CR Would Leave DoD Short $19B

CR Would Leave DoD Short $19B

If the House Continuing Resolution makes it to President Obama’s desk, the Pentagon will be left $19 billion short of its 2011  budget request.

This appears to be why the House appropriators, not known for their excessive kindness to the Pentagon, granted the military permission — subject to congressional approval — to move money around.

“Even if adequate funds were provided, a Continuing Resolution usually does not provide adequate flexibility to meet operating and wartime needs. In the December 8, 2010, House passed version of the year-long Continuing Resolution (HR.3082), it does appear that the House of Representatives wants to provide some flexibility to the Department to help meet some of those needs,”  a Pentagon spokeswoman. She said there was no evidence that Congress included that language because of the loss of flexibility, but the fact that Rep. David Obey highlighted the language in his summary of the bill indicates he thinks it is quite important.

The shortfall means the Pentagon may find it even more tempting to kill funding for the F136, the second engine for the Joint Strike Fighter, and the Marine’s Expeditionary Fighting Vehicle. From what congressional watchers are seeing over the last 36 hours, every passing hour seems to make a CR more likely to pass, Don’t Ask, Don’t Tell notwithsanding.

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25 years experience in the Pentagon budget world watching the “deciders” repeatedly make poor decisions tells me we taxpayers should just let the new budget reality hit them right between the eyes. If they can’t make any decision on what is not needed, what is too costly, what technology doesn’t work, what mission should be taken on, let’s just talk to them is a language they understand. Cut the budget! $19 billion is a good start. And let the chips fall where they may.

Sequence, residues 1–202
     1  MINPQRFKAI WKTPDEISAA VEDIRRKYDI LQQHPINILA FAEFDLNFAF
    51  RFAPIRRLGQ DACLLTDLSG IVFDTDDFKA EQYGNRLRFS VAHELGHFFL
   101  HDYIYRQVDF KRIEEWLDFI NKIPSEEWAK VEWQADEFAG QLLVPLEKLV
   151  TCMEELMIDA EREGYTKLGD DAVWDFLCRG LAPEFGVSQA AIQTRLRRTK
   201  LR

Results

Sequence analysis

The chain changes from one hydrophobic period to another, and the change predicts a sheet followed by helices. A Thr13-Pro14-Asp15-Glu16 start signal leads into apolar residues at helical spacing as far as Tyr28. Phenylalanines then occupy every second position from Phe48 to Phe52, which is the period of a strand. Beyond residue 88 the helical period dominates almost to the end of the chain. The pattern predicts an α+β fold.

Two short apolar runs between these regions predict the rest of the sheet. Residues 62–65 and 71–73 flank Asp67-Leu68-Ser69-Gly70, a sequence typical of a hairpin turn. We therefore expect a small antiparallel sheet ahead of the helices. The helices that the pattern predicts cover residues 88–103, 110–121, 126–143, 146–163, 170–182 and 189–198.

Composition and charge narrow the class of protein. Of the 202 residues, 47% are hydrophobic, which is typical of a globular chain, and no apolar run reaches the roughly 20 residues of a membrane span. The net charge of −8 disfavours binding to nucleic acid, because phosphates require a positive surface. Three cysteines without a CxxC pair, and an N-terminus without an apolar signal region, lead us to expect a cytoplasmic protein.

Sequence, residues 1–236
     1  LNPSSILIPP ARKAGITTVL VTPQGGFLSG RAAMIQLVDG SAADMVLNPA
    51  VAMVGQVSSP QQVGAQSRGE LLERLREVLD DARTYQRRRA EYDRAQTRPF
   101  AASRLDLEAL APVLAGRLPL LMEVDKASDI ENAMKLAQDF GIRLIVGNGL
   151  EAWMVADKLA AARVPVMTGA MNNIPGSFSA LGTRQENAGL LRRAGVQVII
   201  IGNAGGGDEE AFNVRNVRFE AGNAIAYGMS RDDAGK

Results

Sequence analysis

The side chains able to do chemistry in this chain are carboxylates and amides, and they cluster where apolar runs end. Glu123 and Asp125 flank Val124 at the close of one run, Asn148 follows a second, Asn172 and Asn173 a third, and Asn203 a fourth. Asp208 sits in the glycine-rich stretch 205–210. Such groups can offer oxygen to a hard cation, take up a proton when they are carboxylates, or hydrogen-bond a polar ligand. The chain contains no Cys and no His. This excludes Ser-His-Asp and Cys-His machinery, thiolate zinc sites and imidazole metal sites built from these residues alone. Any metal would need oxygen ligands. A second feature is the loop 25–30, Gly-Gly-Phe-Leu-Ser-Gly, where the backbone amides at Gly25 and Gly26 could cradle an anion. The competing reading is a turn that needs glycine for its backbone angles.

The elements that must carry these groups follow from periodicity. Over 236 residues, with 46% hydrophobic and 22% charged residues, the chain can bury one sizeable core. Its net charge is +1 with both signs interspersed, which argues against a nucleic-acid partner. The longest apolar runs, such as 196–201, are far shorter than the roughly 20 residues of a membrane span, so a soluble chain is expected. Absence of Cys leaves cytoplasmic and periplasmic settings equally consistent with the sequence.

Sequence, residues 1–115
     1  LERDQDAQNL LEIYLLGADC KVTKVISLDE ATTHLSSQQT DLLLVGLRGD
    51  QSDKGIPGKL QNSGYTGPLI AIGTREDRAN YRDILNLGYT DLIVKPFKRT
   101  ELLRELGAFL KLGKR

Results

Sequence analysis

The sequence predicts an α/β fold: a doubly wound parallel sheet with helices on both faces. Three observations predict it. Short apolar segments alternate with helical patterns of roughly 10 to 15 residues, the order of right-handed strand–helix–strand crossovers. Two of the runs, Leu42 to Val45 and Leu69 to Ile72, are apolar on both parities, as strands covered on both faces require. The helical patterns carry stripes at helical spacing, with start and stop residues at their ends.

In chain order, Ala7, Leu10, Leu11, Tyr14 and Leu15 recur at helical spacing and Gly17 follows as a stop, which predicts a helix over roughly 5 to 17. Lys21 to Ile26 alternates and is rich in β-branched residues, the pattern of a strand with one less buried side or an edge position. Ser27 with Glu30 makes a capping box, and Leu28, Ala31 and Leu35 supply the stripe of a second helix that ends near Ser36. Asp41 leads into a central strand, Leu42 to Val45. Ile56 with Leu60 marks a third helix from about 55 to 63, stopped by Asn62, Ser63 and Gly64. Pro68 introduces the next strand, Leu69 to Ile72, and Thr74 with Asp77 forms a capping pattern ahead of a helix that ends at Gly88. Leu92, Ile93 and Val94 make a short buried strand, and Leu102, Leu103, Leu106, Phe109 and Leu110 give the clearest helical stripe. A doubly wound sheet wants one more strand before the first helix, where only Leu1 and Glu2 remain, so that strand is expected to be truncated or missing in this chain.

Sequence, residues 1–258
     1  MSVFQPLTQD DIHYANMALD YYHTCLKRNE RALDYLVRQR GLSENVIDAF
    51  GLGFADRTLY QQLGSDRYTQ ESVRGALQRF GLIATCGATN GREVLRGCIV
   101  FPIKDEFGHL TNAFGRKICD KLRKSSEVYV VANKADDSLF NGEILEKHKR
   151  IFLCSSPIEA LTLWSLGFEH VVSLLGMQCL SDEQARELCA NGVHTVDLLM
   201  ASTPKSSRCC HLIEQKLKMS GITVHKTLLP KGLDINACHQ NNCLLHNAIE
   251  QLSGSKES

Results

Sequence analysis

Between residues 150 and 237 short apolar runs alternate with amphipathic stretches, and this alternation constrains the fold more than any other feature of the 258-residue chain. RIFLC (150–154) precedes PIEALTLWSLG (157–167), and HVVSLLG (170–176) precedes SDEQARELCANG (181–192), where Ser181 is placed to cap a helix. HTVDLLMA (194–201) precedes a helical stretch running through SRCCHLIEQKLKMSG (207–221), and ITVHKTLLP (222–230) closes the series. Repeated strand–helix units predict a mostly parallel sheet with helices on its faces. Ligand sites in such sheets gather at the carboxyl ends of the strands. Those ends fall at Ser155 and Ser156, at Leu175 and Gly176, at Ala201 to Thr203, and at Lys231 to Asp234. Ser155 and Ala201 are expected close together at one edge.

Mismanagement isn’t an excuse for cutting the base budget in my opinion. That money just needs to be spent better.

It could be better spent with the right leaders — DoD politicians, civilians and military. But, no. Given the lack of a peer competitor threat, and our supposed adaptability to use our forces for lessor engagements (ala counterinsurgency operations), our military forces are way oversized. Think about it. We are using nearly the entire Army, National Guard and Marine Corps to hunt down maybe 10,000 insurgents! And if we haven’t been able to do that in 10 years, how do you think we could have battled a fully trained and heavily equipped Soviet military? The military is way oversized for the job they have to do.

10,000 insurgents who hide in with millions of civilians who protect and supply them.…

And eh, even the soviets, couldn’t handle the insurgents in Afghanistan.. infact they got their asses kicked.. we on the other hand just can’t finish them off. So I’m sure we can easily handle any “soviet military” that you speak of. Infact, the US excels in actual combat missions, not any of this BS policing activities that do crap to protect our country. (Especially considering our true enemy isn’t even in any of the two countries were in right now).